Secondly, neurobiology. Brain-scanning techniques have enabled scientists to take ecstasy more seriously. Before, it seemed a very flakey topic for research, that led into career cul-de-sacs like parapsychology or after-death-investigations. But look, a brain-scan – something really is happening! This was reassuring for the Doubting Thomases in academia. Now, there is interesting neurobiology on ecstasy done by scientists like Andrew Newberg, Richard Davidson and Robin Carhart-Harris, showing the neural correlates of states of ego-loss and deep absorption.

There is a danger that these very early insights are then uncritically seized upon to argue that ‘the mystical is now neurobiological’, as Wheal puts it, or that the mystical has now been ‘decoded’ as Kotler says. In other words, because something happens in the brain, mystical experiences are nothing but brain events. This would be a big mistake by psychiatry – it has a 300-year bad record of pathologizing and ignoring these experiences, to the great harm of many people and of western culture in general, for which no one has ever apologized. Now, when it starts seeing the positive side of these experiences, it again rushes to a triumphalist scientistic interpretation.

As the podcast presenter, Scott Barry Kaufmann, who researches in this field, points out: ‘Everything is biologically mediated, so that statement is not as exciting as you think. There’s so much we don’t know – we’re at the start, not the end point.’ He’s quite right. Andrew Newberg, for example, has found that ecstatic experiences involve the emotional processing areas of the brain. Well, no shit! How is that useful, besides as a way of getting sceptical scientists to take ecstasy seriously?

The third driver the authors outline is pharmacological – particularly the ‘psychedelic renaissance’ today. No arguments there, though again it’s very very early days in the research. And the fourth driver is technological. New technology makes ecstasy more widely available than ever before, they argue. For example? New amplification technology makes music concerts better. In the old days it was just the Grateful Dead, now we have huge EDM festivals. Uh huh. And new skis make powder skiiing easier. Right….I’m not entirely convinced. Just because electric guitars are more advanced now than the 60s, doesn’t mean people play them better than Hendrix did, or that the experience of the audience is more intense than it was at Monterey or Woodstock (who really thinks that?) It’s partly the shock of the new that creates the ecstatic – the shock of, say, the first use of the Roland 303 in acid house.  I’d say humans are constantly inventing new technologies and scripts for ecstasy, from cave paintings to virtual reality. Our age has developed some new scripts, but so did every age before us.

I also think that, like many secular psychologists and neuroscientists, the authors don’t entirely get the connection between ecstasy and ritual. Like Sam Harris, they’re impatient with ritual, which is all woo-woo. They want an entirely stripped-down, rationalist, flick-of-a-switch mechanistic ecstasy, one liberated from middle-men. Wheal says:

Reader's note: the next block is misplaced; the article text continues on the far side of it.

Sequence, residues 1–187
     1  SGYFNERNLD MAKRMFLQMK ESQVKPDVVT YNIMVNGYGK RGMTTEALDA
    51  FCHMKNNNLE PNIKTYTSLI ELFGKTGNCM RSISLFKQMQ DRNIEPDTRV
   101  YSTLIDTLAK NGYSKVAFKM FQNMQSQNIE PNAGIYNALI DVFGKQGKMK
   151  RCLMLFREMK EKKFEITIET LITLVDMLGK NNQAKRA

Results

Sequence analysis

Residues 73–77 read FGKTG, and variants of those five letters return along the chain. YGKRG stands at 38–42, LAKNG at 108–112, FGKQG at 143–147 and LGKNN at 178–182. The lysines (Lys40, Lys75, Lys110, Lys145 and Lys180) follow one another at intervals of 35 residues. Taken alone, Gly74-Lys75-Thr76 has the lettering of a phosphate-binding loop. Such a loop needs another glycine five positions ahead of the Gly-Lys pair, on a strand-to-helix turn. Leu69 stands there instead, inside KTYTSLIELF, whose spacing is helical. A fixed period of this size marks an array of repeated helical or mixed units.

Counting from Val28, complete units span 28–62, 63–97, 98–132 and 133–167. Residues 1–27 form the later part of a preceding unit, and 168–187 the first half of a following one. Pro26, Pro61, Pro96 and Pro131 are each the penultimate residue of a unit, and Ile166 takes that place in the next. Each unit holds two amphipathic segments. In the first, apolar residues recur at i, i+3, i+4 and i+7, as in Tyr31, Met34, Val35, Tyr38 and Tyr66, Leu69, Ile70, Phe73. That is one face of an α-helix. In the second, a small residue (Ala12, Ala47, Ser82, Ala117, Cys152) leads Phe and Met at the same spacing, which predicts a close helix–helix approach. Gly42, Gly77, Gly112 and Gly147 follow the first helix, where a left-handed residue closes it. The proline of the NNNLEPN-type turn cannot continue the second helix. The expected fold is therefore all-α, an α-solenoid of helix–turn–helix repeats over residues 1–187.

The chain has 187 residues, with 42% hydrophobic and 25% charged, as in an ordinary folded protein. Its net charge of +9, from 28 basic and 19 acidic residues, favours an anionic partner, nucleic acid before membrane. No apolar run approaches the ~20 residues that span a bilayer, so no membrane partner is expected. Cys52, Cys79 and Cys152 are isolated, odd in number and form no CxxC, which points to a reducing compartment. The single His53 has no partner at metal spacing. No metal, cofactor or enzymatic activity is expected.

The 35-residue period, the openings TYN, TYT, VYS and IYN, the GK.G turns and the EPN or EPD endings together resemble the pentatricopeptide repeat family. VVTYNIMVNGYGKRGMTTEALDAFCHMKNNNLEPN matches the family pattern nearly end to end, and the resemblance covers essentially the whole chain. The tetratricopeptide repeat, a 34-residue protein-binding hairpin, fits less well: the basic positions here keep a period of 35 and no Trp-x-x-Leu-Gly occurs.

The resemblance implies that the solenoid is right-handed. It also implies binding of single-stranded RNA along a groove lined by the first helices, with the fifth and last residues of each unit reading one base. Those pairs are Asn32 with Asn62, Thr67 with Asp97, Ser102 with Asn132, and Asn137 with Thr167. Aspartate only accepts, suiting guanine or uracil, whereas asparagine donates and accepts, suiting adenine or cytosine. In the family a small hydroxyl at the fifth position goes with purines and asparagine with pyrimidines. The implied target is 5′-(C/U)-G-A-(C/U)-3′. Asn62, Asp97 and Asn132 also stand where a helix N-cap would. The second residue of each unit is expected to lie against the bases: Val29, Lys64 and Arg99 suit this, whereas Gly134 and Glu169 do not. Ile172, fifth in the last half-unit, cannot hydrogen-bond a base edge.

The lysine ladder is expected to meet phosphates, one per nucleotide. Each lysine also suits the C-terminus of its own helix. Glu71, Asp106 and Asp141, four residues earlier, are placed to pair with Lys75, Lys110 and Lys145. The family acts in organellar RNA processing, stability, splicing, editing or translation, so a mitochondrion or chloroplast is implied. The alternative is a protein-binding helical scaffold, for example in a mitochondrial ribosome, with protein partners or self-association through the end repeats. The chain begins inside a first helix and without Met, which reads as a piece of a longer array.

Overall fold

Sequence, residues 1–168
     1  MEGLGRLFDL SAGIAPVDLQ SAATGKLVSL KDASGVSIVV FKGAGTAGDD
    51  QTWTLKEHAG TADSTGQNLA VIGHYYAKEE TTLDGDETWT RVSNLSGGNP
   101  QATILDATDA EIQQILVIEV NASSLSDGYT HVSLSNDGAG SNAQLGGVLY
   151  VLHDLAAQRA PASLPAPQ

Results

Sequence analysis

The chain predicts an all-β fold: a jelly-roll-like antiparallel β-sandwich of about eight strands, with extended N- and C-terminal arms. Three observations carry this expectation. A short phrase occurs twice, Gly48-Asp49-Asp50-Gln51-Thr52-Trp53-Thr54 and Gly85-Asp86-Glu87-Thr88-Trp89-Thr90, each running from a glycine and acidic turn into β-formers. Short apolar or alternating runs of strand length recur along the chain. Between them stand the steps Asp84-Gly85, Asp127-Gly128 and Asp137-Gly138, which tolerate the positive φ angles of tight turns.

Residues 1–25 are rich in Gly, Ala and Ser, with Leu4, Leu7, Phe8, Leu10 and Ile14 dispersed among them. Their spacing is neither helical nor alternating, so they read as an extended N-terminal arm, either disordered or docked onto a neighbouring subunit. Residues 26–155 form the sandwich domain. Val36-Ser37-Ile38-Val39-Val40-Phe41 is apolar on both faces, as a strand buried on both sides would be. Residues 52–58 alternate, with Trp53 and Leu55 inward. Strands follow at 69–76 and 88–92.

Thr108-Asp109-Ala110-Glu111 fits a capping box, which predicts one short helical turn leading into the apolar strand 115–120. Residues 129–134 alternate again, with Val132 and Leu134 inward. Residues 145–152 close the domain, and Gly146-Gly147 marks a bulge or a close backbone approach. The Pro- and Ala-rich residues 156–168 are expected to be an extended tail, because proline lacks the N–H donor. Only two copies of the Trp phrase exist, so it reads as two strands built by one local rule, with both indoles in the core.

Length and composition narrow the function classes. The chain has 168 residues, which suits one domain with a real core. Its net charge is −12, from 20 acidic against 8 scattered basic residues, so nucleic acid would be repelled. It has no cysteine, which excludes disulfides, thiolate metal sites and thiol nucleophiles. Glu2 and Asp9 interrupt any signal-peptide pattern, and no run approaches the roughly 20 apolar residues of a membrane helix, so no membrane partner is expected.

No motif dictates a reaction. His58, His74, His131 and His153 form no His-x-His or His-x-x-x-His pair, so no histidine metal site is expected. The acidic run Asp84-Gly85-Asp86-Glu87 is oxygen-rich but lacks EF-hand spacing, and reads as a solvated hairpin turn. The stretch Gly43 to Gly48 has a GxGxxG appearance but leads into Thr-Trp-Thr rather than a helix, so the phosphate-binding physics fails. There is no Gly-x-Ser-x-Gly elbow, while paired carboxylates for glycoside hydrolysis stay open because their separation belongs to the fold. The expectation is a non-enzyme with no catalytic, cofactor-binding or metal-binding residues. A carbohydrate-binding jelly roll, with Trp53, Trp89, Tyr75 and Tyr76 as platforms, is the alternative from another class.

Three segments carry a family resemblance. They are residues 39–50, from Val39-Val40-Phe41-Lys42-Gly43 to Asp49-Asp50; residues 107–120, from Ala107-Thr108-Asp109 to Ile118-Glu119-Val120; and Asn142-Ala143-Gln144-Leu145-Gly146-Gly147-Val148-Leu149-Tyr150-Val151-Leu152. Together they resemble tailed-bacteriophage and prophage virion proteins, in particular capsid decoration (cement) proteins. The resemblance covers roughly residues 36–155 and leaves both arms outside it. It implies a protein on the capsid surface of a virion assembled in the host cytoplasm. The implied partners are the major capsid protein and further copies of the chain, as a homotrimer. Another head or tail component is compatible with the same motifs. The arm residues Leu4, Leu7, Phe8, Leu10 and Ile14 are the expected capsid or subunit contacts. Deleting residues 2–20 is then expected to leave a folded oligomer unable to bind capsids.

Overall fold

For folks who have mythological or mystical explanations and assumed [ecstasy] came from grace or adherence to religion, we can say, here are the mechanisms. It cuts out the middlemen, the priest class, those who presume to tell us how to get it. This is our human birthright. Mystical experiences can be demystified and we can create them a hell of a lot more often than when people are bowing and scraping to Mecca.

Kumbh Mela. Low-tech ecstasy

Never mind the casual insult to 1.6 billion Muslims, this fails to understand the power of rituals – including pilgrimages – to bring us to ecstasy. You think westerners now have more ecstasy than ever before? Compared to the Middle Ages? Compared to, say, Indian culture today? OK, Burning Man now attracts thousands and thousands of people…The Kumbh Mela in India attracted 120 million people in 2013, and they had no more technology than tents, chillums, bhang and a river. And what the Sixties showed us is you can do away with the ‘middlemen’ of Christianity, but often new middle-men rise up – gurus, artists, politicians, rockstars, dare I say it, even self-help coaches, who ‘presume’ to tell us how to find ecstasy and what it means.

I also think the authors miss out an important cultural driver for why we are talking about ecstatic / spiritual experiences today. The main reason, I think, is the decline of organized religion in the west. This has created a large group of ‘nones’ or ‘spiritual-but-not-religious’, who are just as hungry for spiritual experiences, perhaps even hungrier than before. Hence the fact that, while attendance at church is going down, the number of people who say they have had spiritual or mystical experience in the US and UK is going up.

But a spirituality based on ecstatic experiences and detached from moral dogma and community can mean we become overly attached to them, we fetishize them, we make them the goal of the journey, rather than something which may or may not happen along the way. So what then is a more appropriate goal? Love and awakening to our true selves, I would say. Transhumanists, life-hackers and human potential coaches always speak of ‘peak performance’, and rarely about love, vulnerability, openness.  ‘Though I speak with the tongues of men and of angels, but do not have love, I have become a noisy gong or a clanging cymbal.’

Having said that, there’s much that I agree with in Kotler and Wheal’s analysis, particularly their insight that the internet has allowed an open-source big data approach to ecstasy, a ‘crowd-sourced Bible’ – the exact phrase Ive used in my book! I didn’t copy you, guys, I swear. I’ll definitely give the full book a read when it’s out later this month.